As a matter of logic, a unilateral change to terms and conditions should exist before a Union can avail itself of the status quo remedy in section 64(4). This much was made clear by the Labour Court in Cape Clothing Association v SA Clothing & Textile Workers Union & another (2012) 33 ILJ 1643 (LC), where the Court found that a Union seeking to invoke the remedy must establish ‘both an existing term and condition of employment and the fact of a variation of that term and condition by the employer, in circumstances where the employee has not consented to the variation’.
If often happens, however that a Union, either through opportunism or ignorance, refers a dispute in terms of section 64(4) to the CCMA, even though no unilateral change has taken place. Any strike pursuant to that dispute would, of course, be unlawful and not deserving of any protection under the LRA since the underlying dispute is non-existent. But is the employer bound to wait to obtain relief until the CCMA has conciliated a misconceived or ill-advised dispute several weeks later, all the while dealing with an unwarranted strike and suffering damages?
The CCMA has no jurisdiction to determine whether a unilateral change to terms and conditions of employment has taken place, and it has no jurisdiction to grant any relief even if it were to make such a determination. The CCMA is a creature of statute and its dispute resolution functions are limited to those issues set out in the LRA and other pieces of legislation. Importantly, there is no provision in the LRA entitling the CCMA to determine whether a unilateral change to terms and conditions of employment in terms of section 64(4) has taken place.
To protect its rights, an employer must approach the Labour Court to interdict any strike or any action in contemplation or furtherance of such a strike, and have it declared unprotected. The Court is granted exclusive jurisdiction to do this by section 68(1), read with the provisions of section 157 of the LRA. To declare the strike unprotected, the Labour Court must decide whether a unilateral change as contemplated by section 64(4) has occurred, as it is an issue incidental to it exercising its powers in section 68(1) of the LRA. It is well-established, by a long line of authorities, that the Labour Court has jurisdiction to determine the existence or otherwise of a unilateral change to terms and conditions.
However, two recent judgments of the Labour Court have turned these authorities on their head, leaving practitioners (and the employers involved) reeling. In C. Steinweg Bridge (Pty) Ltd v SATAWU & Others (J126/22, 29 April 2022) the Labour Court was approached by an employer on an urgent basis to obtain declaratory relief that it had not unilaterally changed terms and conditions of employment, and to interdict any intended strike by the Union. The Union in this case had referred a dispute to the CCMA in terms of section 64(4) alleging that the employer had unilaterally altered the working hours of 13 of its members. An interim Order was granted by the Labour Court, but on the return day the Court found that it lacked jurisdiction to decide whether a unilateral change had occurred or not, and the Rule nisi was discharged, without any consideration of the merits of the application.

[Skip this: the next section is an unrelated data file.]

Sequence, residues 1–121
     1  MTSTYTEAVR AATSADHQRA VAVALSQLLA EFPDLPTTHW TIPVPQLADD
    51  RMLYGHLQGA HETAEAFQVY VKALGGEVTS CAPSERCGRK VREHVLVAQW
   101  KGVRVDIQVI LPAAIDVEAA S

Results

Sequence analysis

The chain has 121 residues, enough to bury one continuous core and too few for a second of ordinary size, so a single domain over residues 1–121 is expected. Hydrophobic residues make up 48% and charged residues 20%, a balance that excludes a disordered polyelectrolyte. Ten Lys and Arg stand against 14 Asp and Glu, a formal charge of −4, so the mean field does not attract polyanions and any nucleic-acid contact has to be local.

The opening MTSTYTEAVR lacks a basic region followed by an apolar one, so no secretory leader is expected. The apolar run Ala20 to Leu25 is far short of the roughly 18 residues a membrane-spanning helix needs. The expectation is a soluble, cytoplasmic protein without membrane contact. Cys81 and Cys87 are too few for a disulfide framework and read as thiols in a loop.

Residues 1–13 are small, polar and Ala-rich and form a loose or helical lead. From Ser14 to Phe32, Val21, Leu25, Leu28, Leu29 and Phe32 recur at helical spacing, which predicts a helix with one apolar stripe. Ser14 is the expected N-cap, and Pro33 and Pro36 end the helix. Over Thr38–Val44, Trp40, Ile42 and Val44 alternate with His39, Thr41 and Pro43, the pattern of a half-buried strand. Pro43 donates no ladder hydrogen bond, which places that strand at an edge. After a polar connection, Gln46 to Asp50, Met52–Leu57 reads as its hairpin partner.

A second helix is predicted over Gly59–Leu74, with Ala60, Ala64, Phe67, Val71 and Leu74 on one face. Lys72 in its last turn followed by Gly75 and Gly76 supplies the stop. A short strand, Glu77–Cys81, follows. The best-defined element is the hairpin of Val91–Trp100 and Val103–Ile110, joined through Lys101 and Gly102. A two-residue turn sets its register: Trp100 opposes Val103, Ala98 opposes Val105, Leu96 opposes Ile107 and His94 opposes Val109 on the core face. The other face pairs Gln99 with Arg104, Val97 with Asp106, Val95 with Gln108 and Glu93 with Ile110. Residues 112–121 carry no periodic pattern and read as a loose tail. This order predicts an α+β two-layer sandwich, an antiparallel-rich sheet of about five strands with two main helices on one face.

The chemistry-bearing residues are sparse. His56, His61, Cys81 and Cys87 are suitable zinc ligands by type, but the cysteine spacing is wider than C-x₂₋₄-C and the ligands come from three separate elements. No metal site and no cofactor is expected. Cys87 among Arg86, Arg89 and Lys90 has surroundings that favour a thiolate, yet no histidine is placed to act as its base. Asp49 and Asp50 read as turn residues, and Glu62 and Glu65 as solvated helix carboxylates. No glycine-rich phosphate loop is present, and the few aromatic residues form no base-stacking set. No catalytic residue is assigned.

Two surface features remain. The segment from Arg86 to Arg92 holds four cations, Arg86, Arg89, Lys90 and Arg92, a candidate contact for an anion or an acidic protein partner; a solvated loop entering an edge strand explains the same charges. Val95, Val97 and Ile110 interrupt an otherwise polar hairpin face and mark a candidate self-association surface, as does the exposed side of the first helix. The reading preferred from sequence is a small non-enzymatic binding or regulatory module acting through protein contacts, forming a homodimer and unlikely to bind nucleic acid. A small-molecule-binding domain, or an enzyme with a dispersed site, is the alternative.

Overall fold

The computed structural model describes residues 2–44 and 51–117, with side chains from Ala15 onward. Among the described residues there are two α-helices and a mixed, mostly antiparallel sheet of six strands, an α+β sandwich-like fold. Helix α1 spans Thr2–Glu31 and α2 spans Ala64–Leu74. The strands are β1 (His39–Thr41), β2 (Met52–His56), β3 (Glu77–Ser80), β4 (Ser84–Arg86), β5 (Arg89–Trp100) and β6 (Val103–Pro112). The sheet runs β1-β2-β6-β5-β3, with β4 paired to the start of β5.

A few days later, in Fraser Alexander (Pty) Ltd v AMCU & Others (J298/22, 4 May 2022) the employer approached the Labour Court for an Order declaring that no unilateral change to terms and conditions of employment had taken place and interdicting any strike which may arise therefrom. In this case, the Union alleged that the employer had altered the terms and conditions of employment of its members when it only paid 50% of a discretionary 13 th cheque during December 2020. Without dealing with the merits of the issue, the same Court again found that it lacked jurisdiction to decide whether a unilateral change had taken place and, curiously, struck the matter from the roll for that reason, again without considering the merits of the dispute. The Court relied on its earlier judgment in C. Steinweg Bridge in support of its decision.
The Court’s approach to the issues before it in both C. Steinweg Bridge and Fraser Alexander was, with respect, fundamentally flawed. Any notion that the Labour Court does not have jurisdiction to determine whether a unilateral change to terms and conditions has occurred is obviously wrong and these judgments constitute bad law. Both decisions are the subject of appeal proceedings and are likely to be overturned in due course. That is, however, cold comfort for the employers who will now have to deal with the strikes which will ensue from the Court’s judgments. In these circumstances, the LRA’s purpose of the effective resolution of disputes is severely undermined.